Meanwhile, at four months, A1 was starting to refuse the breast. She would nurse for a few minutes, and the detach after screaming and fussing at the breast. She lost several ounces of weight. We went to the pediatrician, and she determined it was reflux. She recommended Similac Alimentum, which costs $9.14 a quart. We were also told to thicken her milk with oatmeal. I initially mixed EBM with formula, but when A1 was 8 months, I started EFFing her, because it was easier for me.
She started to fill out a little around seven months. She is still thin, but I’ve come to terms with it. She is in good health, and weighs about 24 lbs. I give her Pediasure once a day to ensure she gets proper nutrition and gains weight. She was in the 5th percentile for the longest time, but now is in the 19th. She’s 34″, so she is definitely growing.
This person started to and still does compete with me over her daughter’s stats. She wears a 3T. She wants 4T-5T clothes. Her daughter was 5 pounds at birth, so she’s tried to fatten her up.
A1 was eight months old when I became pregnant with A2. I wasn’t sure how I was going to do all of this with two kids. As you can see, I figured that out.
Fast forward to now. A1 is two, and eats all table food. A2 is eight months old, and is still nursing. She gets solids, too, but she still loves her booby milks.
I attended a baby shower with my ILS the other day. This woman cornered me after nursing A2. “So, how much longer are you going to breastfeed?” “Until she’s ready,” I said. She rolled her eyes and sighed like a snotty seventh grade girl. I added that if she decided she wanted to stop next week, and that was her choice, it was fine with me. “Well, she isn’t going to tell you,” came the condescending reply, as if to say I was stupid and uninformed. “Those teeth are going to hurt when they come in all the way. If it were me, I’d go [for] eight months and be done.”
Wow, I didn’t know she was the go-to for breastfeeding advice. You know, since she gave it a whole five minutes—I mean, three days. She also has been busting my invisible balls about using a “walker” (she calls the Exersaucer a walker, too). She mentioned it when I saw her at a church function last month, and she said, in that mean tone, “So J, did you get out that walker yet?” “No, it’s still in the basement.”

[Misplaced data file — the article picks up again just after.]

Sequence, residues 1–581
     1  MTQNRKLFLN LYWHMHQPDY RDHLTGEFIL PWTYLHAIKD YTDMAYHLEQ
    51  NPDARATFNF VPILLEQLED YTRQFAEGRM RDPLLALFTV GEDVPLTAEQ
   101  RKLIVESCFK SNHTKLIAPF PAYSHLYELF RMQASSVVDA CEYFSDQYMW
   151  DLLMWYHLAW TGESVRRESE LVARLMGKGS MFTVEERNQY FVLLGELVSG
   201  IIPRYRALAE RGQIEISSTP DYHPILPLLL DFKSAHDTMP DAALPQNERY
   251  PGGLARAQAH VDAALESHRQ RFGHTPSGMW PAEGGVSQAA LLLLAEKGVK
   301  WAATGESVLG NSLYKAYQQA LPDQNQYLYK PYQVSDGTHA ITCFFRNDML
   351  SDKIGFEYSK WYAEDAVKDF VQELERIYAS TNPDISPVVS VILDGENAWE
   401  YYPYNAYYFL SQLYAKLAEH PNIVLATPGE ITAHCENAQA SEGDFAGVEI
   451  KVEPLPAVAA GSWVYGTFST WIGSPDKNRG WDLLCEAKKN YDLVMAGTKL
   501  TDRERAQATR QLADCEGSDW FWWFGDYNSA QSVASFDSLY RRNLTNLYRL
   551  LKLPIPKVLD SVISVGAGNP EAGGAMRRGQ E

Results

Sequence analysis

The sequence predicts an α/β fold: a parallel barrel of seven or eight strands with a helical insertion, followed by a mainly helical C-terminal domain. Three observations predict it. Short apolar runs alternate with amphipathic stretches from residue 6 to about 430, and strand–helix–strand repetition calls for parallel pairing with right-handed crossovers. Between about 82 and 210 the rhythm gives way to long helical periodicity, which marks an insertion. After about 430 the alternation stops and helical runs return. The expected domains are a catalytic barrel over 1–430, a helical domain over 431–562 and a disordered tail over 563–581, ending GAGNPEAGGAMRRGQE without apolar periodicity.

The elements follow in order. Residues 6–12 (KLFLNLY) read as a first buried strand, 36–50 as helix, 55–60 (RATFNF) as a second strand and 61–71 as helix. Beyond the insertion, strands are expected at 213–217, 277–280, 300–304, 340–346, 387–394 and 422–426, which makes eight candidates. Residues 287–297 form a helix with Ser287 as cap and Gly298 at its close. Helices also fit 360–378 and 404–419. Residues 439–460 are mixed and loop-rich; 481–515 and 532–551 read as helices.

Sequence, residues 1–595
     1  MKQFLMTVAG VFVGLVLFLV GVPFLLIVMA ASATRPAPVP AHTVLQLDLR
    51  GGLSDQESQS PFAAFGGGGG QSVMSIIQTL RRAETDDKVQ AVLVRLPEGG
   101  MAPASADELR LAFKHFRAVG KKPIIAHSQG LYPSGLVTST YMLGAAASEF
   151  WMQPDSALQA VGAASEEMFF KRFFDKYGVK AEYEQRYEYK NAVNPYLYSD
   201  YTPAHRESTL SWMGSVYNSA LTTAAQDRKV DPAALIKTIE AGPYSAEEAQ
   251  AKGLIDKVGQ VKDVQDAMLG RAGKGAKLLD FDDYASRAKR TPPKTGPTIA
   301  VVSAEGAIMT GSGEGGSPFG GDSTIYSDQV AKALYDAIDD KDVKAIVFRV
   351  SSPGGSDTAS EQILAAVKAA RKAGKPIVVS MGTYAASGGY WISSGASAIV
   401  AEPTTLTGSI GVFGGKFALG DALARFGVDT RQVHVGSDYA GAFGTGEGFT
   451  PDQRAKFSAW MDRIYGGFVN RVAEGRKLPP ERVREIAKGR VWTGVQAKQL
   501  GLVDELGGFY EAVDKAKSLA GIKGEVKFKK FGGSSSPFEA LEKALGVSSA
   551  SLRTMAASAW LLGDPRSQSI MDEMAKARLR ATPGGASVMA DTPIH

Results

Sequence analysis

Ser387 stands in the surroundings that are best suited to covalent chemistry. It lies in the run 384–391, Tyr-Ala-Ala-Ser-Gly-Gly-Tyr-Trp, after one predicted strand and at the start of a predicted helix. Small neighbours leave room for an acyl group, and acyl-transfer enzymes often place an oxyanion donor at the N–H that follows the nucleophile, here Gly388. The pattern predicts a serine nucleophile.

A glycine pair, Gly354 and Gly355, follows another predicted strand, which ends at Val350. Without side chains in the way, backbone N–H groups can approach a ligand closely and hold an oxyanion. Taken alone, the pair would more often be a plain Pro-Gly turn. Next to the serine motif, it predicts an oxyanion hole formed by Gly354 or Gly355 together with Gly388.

That, on top of all the other stupid things she does and says, really irritated me. So, instead of getting anxious and angry, I empowered myself by posting this:
EBF eight months today! We just tried the upright position, which was a success! #proudbfingmama #nurslings
Those are my actual hashtags. She thought I posted “Happy F’ing Mama.” I’m glad her literacy skills are on par with first graders
This post apparently offended her. This is her conversation with Daddy J, verbatim:
J put something up about Brest feeding on her Facebook, gross:/
–Gross? How is me feeding my daughter “gross”? I’m sorry you have such a backward interpretation of something that is very acceptable.
Yes I know but she doesn’t have to post it and write happy F-ing momma! Like that is appropriate…. What the hell is that about? That isn’t something u say or post to people u really don’t know. U know if I posted I took a really good shit today, it looked big and brown and left streak marks in the toilet u think people want to know that and read that? No it’s gross yet people have been shitting since the beginning of time..
—This was in response to my husband saying that it wasn’t gross and I was proud of my accomplishment. He also added that women have BF’d since the beginning of time, hence the lovely defecation comparison. I’d rather hear about a women nursing and cuddling her baby than that incongruent description of hers any day of the week. What she said is gross.
Sorry I was just disturbed by her post and I wanted to tell u
Lots of ppl Brest feed but u don’t see them writing about it. It’s not aomething ppl talk about.
—People don’t talk about breastfeeding? Where the hell has she been? What about the La Leche League? I Eat At Mom’s? Eats on Feets (BM donation)? The Leaky Boob? The list goes on and on. No one writes about it, eh? Well, I just did, so get over it.
That’s disgusting. People need to grow up a bit. Sorry, just cu other do does it make it right? Sorry I am just telling u that what she wrote, happy fing momma isn’t appropriate and no one wants to hear about breast feeding. That is great she can do it, we don’t need it posted
—Yes, I am so immature for being a proud mother who chose to be a SAHM, sacrificing my career to be with my kids while this woman still pawns her daughter off on her own family, because she is too busy working from 7:30 am-7:30 pm by choice. Skip the damn coaching, come home, and see your daughter. Oh, and quit dropping her off on weekends. You said you miss her? Humph! Then come home and spend that valuable tim. Disgusting? I’ll tell you what’s disgusting—YOU ARE! Regardless of how we feed our kids, we should be building other moms up and silently agreeing to disagree, not putting others down or picking fights in an effort to bolster one’s insecurity. I am not doing anything wrong by nursing my daughter, and I’m sorry you didn’t have the experience I’m having. Perhaps if you would use the perseverance that got you to the finish line in one of your high school races, you might succeed next time. After all, I made this commitment to EBF. I took time to drink water, rest, and eat healthy. I put my kids on a schedule to ensure we are all healthy and happy. You didn’t, and you don’t, but that is fine.
I support every woman’s right to choose whether she breastfeeds for formula feeds. Do you?